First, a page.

Dolores O’Riordan, world-famous singer and songwriter of The Cranberries, has died. She was in London to record a new album and her body was found in her room at the London Hilton. Her family and band mates are requesting privacy as they grieve her loss. O’Riordan is survived by her ex-husband, Don Burton, and her three children, Taylor Baxter, Molly Leigh and Dakota Rain. The Cranberries announced the tragic news on their website and social media with a note by guitarist Noel Hogan, bassist Mike Hogan, and drummer Fergal Lawler.
“Irish and international singer Dolores O’Riordan died suddenly in London on Monday 15th January 2018. She was 46 years old. The lead singer with the Irish band The Cranberries, was in London for a short recording session. No further details are available at this time.
“Family members are devastated to hear the breaking news and have requested privacy at this very difficult time.”
“We are devastated on the passing of our friend Dolores. She was an extraordinary talent and we feel very privileged to have been part of her life from 1989 when we started the Cranberries. The world has lost a true artist today. Noel, Mike and Fergal”
The Cranberries founded their band in Limerick City, Ireland. The band believes they are best known for their songs “Linger,” “Zombie” and “Dreams.” They took a six-year hiatus and reunited in late 2009 to tour select cities in North America, South America and Europe. In 2012, they performed in China, Japan, the Philippines, Australia and New Zealand as well as Continental Europe, the UK and the USA. In 2017, the band planned to tour Europe and North America to promote their album “Something Else,” but they had to stop because O’Riordan was suffering a back ailment. In May last year, O’Riordan revealed that she also suffered from bipolar disorder.
Dolores O’Riordan is a longtime heroine to pro-lifers and Catholics because her art boldly calls for universal human rights, and this is especially poignant as they prepare to attend the national March for Life on Friday in Washington, D.C.
“The first album I ever bought was The Cranberries’ ‘Everybody Else is Doing It, So Why Can’t We?’” said Phil Eddy, chairman of the board for Rehumanize International in Pittsburgh, Pennsylvania. They are publishers of Life Matters Journal. “Dolores O’Riordan was polite but political, tiny but powerful, and was adored by tens of millions of fans worldwide. Her advocacy for the forgotten children touched by war, poverty, famine, abuse, and abortion was something to admire. She will be missed.”
On Facebook, Peter Wolfgang, executive director of the Family Institute of Connecticut in Hartford, explained how O’Riordan inspired him.
“I was 25 years old in 1995, the height of the grunge rock era, and sharing a house with fellow law school students in which I was the only pro-lifer. One of them had a subscription to Rolling Stone Magazine. Imagine my pleasant surprise when I picked it up off the coffee table and read this about the lead singer of the Cranberries, at a time when the group was at its hottest.”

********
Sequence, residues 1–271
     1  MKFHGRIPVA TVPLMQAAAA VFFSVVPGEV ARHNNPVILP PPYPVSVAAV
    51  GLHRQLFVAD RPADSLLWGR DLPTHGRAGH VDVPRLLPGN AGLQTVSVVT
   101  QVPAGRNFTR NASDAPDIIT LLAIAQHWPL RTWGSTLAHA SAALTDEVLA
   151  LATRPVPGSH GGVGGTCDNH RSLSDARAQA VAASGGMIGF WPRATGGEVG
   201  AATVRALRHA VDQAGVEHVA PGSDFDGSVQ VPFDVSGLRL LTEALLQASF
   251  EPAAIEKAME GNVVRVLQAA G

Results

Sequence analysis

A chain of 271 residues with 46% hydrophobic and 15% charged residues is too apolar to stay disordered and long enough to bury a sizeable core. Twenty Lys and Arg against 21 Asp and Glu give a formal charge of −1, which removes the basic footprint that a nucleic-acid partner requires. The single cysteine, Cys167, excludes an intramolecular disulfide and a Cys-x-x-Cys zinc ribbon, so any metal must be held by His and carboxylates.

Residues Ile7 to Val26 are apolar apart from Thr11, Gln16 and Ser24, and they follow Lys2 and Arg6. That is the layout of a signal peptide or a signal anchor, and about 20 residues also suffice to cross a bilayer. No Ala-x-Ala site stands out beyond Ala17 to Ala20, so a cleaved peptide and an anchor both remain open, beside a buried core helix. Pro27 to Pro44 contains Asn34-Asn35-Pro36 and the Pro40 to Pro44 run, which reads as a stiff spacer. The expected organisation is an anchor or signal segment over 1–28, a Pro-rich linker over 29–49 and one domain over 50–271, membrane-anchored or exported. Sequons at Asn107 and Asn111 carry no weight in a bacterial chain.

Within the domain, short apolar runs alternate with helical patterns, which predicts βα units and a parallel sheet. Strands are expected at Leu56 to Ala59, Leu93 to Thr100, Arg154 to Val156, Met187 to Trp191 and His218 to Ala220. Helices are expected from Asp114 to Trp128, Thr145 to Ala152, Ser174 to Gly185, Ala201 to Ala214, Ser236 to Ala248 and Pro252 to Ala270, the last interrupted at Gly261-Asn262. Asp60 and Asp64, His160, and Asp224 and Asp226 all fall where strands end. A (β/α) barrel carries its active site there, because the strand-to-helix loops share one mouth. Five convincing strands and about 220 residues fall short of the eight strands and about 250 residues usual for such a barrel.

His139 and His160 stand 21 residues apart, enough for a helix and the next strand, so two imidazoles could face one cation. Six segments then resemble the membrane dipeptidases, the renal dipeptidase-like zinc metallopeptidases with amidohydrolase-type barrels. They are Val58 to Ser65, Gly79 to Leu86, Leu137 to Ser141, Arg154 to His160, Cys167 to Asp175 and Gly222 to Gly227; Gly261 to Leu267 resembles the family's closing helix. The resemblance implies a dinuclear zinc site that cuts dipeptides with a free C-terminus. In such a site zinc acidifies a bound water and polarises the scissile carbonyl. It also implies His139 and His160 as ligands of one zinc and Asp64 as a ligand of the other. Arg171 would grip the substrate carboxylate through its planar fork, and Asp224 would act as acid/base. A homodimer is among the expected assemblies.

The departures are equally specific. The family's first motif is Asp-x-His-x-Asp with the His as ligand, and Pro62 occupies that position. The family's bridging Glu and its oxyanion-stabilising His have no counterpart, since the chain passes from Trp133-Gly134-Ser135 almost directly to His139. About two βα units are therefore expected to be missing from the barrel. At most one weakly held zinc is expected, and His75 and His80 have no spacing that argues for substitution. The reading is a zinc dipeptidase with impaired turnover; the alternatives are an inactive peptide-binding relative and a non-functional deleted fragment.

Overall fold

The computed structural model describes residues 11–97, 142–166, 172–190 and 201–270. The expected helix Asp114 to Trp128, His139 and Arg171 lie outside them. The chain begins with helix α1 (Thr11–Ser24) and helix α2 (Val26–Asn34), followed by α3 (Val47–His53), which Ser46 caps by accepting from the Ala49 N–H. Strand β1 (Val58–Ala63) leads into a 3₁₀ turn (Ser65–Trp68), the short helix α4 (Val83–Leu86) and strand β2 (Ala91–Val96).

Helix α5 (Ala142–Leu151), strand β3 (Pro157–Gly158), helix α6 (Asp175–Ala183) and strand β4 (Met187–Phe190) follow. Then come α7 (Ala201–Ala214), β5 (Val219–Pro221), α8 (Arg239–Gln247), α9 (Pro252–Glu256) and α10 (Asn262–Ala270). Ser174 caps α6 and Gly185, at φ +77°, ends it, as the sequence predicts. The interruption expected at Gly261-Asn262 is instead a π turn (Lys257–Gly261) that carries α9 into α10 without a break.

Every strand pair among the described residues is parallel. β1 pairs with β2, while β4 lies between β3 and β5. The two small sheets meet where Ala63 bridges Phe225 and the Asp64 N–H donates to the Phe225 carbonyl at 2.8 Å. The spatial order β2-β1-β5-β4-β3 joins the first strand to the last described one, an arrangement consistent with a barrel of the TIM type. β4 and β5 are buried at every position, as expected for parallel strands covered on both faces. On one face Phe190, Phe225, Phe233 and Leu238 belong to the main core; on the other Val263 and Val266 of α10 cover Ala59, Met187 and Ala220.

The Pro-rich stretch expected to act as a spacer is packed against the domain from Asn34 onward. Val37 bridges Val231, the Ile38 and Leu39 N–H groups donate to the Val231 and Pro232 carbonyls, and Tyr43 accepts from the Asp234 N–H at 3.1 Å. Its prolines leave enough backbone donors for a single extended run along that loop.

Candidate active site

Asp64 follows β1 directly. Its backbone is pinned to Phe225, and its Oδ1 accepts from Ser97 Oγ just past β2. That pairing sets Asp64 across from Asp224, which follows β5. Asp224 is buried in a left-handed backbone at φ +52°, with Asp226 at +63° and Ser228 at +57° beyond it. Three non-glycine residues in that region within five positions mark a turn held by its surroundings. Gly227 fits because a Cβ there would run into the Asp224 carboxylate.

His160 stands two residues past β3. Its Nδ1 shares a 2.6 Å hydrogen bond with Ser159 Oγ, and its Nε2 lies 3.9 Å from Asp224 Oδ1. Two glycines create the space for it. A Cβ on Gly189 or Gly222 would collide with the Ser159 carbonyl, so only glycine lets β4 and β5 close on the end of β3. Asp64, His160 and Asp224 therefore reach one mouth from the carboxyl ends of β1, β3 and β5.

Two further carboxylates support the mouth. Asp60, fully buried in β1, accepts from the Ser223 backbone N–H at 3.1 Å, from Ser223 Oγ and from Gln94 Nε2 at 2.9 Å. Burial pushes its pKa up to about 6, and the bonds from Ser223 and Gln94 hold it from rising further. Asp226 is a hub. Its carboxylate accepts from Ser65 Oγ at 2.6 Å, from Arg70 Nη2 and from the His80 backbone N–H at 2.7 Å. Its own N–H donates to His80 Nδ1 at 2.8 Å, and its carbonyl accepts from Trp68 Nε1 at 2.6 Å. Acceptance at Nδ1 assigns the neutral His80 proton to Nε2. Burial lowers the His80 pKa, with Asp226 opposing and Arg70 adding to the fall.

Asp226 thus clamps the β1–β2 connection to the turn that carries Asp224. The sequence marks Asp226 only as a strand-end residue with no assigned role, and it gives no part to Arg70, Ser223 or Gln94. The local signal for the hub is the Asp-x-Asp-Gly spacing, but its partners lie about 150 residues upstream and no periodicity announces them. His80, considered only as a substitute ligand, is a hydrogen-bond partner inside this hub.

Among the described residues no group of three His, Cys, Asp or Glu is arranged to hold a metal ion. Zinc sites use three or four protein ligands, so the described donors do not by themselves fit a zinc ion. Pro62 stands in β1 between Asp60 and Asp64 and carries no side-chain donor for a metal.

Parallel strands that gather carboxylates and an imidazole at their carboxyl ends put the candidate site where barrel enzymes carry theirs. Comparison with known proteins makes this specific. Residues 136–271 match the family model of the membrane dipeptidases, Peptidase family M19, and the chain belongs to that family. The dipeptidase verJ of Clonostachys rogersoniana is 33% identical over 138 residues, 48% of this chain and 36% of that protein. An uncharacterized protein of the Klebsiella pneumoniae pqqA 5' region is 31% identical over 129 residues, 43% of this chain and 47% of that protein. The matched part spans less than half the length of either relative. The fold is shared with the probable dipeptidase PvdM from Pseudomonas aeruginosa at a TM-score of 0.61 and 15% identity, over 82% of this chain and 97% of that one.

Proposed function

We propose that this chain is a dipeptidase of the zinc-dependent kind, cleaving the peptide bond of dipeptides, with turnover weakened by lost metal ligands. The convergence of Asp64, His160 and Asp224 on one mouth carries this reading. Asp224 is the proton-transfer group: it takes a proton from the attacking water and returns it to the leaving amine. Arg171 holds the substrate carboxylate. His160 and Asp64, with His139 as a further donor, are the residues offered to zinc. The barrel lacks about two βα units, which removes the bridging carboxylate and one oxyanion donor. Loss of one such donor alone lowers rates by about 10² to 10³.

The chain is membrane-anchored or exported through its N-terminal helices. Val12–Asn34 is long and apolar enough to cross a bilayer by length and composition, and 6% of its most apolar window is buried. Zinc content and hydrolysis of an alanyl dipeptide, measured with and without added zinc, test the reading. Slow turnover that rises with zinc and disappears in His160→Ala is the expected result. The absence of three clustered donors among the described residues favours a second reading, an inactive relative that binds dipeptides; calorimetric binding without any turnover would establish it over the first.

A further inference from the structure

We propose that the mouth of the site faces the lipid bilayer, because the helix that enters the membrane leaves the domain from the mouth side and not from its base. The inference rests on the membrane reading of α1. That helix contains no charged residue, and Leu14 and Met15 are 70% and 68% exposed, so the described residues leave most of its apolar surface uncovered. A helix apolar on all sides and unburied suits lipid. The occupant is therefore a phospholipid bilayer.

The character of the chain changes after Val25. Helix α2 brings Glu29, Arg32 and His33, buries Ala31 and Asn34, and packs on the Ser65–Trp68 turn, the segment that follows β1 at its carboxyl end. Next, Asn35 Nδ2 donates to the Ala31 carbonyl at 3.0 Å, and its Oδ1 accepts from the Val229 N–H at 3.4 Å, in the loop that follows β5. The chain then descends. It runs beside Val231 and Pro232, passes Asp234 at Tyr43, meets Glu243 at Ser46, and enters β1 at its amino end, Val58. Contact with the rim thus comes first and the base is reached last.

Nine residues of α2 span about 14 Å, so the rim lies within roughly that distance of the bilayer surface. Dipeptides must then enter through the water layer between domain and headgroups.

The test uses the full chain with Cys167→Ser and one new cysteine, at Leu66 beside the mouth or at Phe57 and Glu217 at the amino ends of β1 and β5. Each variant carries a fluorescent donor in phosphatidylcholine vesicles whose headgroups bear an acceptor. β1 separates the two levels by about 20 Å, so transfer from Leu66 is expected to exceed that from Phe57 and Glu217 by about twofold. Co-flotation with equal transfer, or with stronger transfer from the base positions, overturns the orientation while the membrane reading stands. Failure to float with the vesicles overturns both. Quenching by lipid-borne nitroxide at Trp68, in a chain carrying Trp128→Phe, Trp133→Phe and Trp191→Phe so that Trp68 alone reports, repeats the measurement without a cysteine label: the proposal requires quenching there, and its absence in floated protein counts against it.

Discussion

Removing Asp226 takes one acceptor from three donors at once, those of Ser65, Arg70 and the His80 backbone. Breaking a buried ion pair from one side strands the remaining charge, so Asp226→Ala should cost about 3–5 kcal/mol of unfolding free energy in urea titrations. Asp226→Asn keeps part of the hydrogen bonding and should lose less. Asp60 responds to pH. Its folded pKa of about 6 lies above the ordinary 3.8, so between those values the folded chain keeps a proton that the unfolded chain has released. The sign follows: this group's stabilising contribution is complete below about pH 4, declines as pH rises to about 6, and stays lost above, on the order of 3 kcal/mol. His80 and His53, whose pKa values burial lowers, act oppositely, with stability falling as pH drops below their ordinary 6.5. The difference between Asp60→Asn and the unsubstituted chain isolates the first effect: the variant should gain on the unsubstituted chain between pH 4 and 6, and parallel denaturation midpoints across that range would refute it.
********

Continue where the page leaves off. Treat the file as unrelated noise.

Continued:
The stunning excerpt from O’Riordan’s 1995 interview by Alec Foege for Rolling Stone says:
Not that the freewheeling possibilities of a rock lifestyle have totally swayed O’Riordan from her conservative Irish Catholic roots. Although she deems Madonna “clever,” she marvels at the quick-to-strip pop icon for not possessing the moral fortitude “that obviously would stop her from doing all those crazy things that she does in her videos.” And don’t count on O’Riordan as an ally in defending abortion: “I’m in no position to judge other women, you know? But, I mean, ‘Idiot — why didn’t you not get pregnant?’ It’s not good for women to go through the procedure and have something living sucked out of your bodies. It belittles women — even though some women say, ‘Oh, I don’t mind to have one.’ Every time a woman has an abortion, it just crushes her self-esteem, smaller and smaller and smaller.”
“So, thank you, Dolores O’Riordan,” said Wolfgang. “I don’t know much else about you but I’ll always remember that time you spoke the unspeakable truth. Rest In Peace.”
Dolores O’Riordan had the honor of performing at the Vatican for Pope Saint John Paul II, Pope Benedict XVI, and Pope Francis. She and The Cranberries played many Christmas concerts and O’Riordan sang duets with the likes of opera star Luciano Pavarotti.
Irish president Michael Higgins said he learned of O’Riordan’s death “with great sadness.”
“Dolores O’Riordan and The Cranberries had an immense influence on rock and pop music in Ireland and internationally.
“I recall with fondness the late Limerick TD Jim Kemmy’s introduction of her and The Cranberries to me, and the pride he and so many others took in their successes.
“To her family and all those who follow and support Irish music, Irish musicians and the performing arts her death will be a big loss,” Higgins concluded.
Father James Walton, a priest at Ballybricken and Bohermore Catholic Parish, told The Irish Times that her funeral will take place in County Limerick: “Her family is very devastated and upset. The suddenness of her death has been a shock. I met Dolores two or three times when she was home visiting family. She was a lovely lady.
“Her family are still waiting for more details to come from London about her death. The plan is for her to be buried here at home. When that will be will depend on when her body is released.”
The Cranberries’ producer Stephen Street remembers her in Rolling Stone:
“Dolores gave so much of herself at the gigs and continued to do so over the next decade or so. Perhaps she could have tempered her behavior and been more measured but that wasn’t her way. She was a little firebrand that kept everybody on their toes and when she got it ‘right’ in the studio with her vocal performances, the session would come alight. . . .
“RIP my Irish Songbird.”